The results of quantitative real-time PCR analysis of 29 SlSWEETs in MG Micro-Tom fruits (Fig. 1a) showed that SlSWEET1e, SlSWEET3, SlSWEET7a, and SlSWEET14 transcripts were more abundant than those of the other SlSWEETs. SlSWEET1e and SlSWEET3 belong to clade I, whose members are involved in glucose import7,30,32, while SlSWEET7a and SlSWEET14 belong to clade II and clade III, respectively; the functions of these two clades have not yet been identified in tomato. Therefore, we selected SlSWEET7a and SlSWEET14 as genes of interest for further study.

Fig. 1: Expression pattern analysis of SlSWEET genes.
figure 1

a At the transcript level, SlSWEET genes were found to exist as 29 different members in Micro-Tom mature green (MG) fruits. b, c Relative expression of SlSWEET7a and SlSWEET14 during fruit development in Micro-Tom. BC2d, 2 days before flowering; AF0d flowering, AF2d 2 days after flowering, AF7d 7 days after flowering, AF14d 14 days after flowering, AF21d 21 days after flowering, MG mature green, BC breaking color, RR red ripe. d, e Gene expression of SlSWEET7a and SlSWEET14 in different tissues during fruit development in Micro-Tom. Different tissues such as the peduncles, sepals, total pericarp (including pulp and pericarp), placentas, vascular bundles, and septa were investigated during the MG, BC, and RR stages. The data are shown as the means ± SDs of three independently biological replicates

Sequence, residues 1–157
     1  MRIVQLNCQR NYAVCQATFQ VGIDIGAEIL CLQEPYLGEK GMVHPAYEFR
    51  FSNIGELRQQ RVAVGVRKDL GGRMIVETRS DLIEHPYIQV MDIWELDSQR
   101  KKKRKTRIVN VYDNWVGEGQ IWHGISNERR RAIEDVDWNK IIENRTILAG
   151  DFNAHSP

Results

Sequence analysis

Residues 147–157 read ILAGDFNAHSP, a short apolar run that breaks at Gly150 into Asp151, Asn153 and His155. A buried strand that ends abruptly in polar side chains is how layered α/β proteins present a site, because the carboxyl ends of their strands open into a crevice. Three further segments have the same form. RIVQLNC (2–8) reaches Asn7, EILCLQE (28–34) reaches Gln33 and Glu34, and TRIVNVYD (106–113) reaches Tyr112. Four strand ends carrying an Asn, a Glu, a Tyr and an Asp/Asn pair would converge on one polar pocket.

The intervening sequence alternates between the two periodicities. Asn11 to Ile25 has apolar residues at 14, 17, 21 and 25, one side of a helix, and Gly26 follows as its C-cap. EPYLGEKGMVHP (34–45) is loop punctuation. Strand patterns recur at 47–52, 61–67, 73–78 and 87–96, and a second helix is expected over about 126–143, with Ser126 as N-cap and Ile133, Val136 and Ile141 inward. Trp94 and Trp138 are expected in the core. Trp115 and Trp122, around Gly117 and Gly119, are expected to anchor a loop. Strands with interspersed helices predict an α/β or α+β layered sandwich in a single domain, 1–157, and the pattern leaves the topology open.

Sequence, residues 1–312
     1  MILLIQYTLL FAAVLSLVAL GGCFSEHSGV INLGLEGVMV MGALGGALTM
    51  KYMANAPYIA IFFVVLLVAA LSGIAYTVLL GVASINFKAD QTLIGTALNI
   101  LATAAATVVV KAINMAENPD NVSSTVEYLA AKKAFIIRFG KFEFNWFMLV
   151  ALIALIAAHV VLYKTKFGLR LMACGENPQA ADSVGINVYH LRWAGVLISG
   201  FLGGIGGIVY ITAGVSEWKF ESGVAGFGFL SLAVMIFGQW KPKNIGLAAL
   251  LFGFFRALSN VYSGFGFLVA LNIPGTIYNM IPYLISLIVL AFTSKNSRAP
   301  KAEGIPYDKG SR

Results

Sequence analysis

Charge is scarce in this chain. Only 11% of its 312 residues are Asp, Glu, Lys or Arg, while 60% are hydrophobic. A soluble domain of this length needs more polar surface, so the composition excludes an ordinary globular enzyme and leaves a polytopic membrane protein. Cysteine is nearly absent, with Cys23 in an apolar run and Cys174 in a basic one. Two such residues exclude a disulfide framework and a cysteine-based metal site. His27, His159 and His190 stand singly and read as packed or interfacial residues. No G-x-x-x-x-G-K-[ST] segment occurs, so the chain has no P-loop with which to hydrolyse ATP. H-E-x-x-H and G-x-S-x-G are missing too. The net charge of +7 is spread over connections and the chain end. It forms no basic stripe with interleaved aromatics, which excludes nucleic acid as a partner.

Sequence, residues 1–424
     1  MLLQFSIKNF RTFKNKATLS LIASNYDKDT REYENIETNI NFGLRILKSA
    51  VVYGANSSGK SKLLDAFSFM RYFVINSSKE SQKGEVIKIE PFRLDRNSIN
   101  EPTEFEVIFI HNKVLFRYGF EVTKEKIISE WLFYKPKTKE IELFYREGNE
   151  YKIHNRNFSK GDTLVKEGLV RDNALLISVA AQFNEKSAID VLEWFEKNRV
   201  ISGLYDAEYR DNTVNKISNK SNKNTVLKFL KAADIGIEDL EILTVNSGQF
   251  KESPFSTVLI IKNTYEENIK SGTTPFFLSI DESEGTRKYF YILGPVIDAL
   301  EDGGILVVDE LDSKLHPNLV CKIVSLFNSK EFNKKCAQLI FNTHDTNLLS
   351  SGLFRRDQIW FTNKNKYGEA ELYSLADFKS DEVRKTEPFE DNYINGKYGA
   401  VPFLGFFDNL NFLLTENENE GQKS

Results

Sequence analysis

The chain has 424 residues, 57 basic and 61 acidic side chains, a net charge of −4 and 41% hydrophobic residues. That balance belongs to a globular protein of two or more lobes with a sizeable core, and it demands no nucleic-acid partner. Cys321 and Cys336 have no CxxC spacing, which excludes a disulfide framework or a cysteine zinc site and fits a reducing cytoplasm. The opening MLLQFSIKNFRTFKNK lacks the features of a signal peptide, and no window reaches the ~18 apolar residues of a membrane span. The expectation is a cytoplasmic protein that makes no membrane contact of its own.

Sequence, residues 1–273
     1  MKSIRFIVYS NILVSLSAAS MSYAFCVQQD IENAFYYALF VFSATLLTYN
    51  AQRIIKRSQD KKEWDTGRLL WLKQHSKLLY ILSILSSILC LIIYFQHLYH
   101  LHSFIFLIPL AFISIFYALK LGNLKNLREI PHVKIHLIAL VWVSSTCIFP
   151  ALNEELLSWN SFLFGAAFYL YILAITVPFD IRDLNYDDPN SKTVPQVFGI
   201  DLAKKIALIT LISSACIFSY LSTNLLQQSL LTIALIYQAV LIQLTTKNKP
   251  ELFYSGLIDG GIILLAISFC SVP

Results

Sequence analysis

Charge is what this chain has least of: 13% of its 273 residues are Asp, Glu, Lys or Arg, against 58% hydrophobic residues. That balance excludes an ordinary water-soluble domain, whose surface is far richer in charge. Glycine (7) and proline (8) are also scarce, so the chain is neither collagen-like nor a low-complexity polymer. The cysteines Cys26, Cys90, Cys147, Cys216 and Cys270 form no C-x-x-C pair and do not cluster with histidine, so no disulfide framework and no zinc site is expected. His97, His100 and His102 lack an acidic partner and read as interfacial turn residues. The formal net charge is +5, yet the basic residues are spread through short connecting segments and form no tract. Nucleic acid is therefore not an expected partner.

To further explore the effects of these two genes on the development of tomato fruits, we performed an expression pattern analysis of different fruit tissues at different fruit developmental stages and (Fig. 1b, c). SlSWEET7a and SlSWEET14 showed similar expression patterns during fruit development. Seven days after flowering, the expression levels of both genes first peaked and then peaked again in the MG stage. However, their transcript levels decreased after the MG stage. These results suggest that these two genes might play a role during early fruit development and carbohydrate accumulation.

Subsequently, we analyzed the expression of the same two genes in different tomato fruit tissues (Fig. 1d, e). The transcript level of SlSWEET7a was higher in all tissues at the MG stage than in those at the BC or RR stages and was relatively high in the peduncles and septa, especially in the vascular bundles, compared with the other tissues at the MG stage. SlSWEET14 had a similar expression pattern. The transcript level of SlSWEET14 was markedly higher in the peduncles, vascular bundles, septa, and, especially, placentas, at the MG stage than in other tissues and at other stages. These results indicate that SlSWEET7a and SlSWEET14 could play important roles in sugar accumulation from the mature to ripe stages.